House lawmakers next week are expected to pass legislation that would cap pensions for former presidents, and also scale back the monetary allowance they're allowed to use to rent an office and keep a staff.

The Former Presidents Act is expected to get a vote early next week. The bill, from Rep. Jody Hice, R-Ga., would cap the pensions of former presidents at $200,000, just a bit lower than the $205,000 they receive today.

It would also cap office and staff payments at $500,000. That would drop to $350,000 after five years, and drop again to $250,000 five years after that.

That monetary payment would also be lowered by $1 for every dollar a former president earns over $400,000 each year. Hice and other lawmakers believe that former presidents, who increasingly earn millions of dollars through speeches and book sales once they leave office, don't need taxpayer subsidies.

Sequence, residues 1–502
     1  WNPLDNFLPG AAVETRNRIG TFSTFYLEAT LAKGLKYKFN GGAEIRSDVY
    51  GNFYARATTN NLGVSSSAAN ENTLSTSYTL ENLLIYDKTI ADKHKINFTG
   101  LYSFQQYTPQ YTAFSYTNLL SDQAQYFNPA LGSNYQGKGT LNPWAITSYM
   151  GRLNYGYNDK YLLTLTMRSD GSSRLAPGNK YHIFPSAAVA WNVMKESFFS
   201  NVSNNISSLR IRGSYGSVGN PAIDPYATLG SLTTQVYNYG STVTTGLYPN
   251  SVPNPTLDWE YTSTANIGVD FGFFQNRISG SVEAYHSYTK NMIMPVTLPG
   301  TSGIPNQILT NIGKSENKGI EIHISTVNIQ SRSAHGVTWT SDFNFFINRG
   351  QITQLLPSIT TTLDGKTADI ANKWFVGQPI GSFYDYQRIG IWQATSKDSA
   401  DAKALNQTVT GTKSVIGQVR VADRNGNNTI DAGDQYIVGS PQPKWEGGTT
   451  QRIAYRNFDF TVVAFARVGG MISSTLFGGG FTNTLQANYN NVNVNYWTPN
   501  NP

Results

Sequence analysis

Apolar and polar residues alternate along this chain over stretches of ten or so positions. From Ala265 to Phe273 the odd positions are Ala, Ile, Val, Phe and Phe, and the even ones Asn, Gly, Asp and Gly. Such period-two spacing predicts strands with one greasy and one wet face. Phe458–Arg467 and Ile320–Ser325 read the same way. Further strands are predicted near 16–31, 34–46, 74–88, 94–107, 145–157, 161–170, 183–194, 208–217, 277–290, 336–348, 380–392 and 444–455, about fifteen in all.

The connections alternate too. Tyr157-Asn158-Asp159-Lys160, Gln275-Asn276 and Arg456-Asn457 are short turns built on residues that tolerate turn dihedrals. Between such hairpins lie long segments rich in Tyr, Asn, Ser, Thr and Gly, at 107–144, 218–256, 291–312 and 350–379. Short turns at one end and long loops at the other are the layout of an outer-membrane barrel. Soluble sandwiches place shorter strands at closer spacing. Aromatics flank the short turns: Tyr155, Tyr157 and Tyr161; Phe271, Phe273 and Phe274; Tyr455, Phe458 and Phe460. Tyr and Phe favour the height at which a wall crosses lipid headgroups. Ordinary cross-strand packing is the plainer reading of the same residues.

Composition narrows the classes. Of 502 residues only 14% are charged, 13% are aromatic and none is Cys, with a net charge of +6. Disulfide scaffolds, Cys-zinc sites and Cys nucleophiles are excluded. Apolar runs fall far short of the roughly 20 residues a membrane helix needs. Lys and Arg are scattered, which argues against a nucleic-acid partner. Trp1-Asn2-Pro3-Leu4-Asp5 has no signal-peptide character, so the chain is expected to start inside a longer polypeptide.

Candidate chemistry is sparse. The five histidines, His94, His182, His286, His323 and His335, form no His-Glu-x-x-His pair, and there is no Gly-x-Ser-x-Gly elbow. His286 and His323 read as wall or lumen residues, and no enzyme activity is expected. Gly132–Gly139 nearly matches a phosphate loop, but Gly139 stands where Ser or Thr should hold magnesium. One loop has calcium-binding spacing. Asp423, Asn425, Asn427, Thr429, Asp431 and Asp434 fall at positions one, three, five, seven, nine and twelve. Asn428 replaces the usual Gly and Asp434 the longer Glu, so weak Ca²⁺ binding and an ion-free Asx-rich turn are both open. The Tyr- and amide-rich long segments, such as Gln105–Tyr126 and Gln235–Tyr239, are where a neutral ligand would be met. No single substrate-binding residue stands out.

"The Presidential Allowance Modernization Act presents a fair way to reduce taxpayer support to those former presidents who simply do not need such assistance, while modernizing outdated measures," he said when he introduced the bill in September.

Office expenses vary widely among former presidents. For example, former President Jimmy Carter was given $230,000 in expenses outside his pension in fiscal year 2016, while George H.W. Bush received more than $600,000, Bill Clinton received more than $700,000, and George W. Bush received more than $800,000.

Last month, the Senate Homeland Security Committee passed similar legislation offered by Sen. Joni Ernst, R-Iowa.

"Our national debt now exceeds $20 trillion; this bipartisan effort is another important step toward reigning in Washington’s out-of-control spending," she said in October. "It is ridiculous to continue asking taxpayers to help foot the bill for former presidents' perks at a time when they already rake in millions of dollars from book deals, speaking engagements, and more."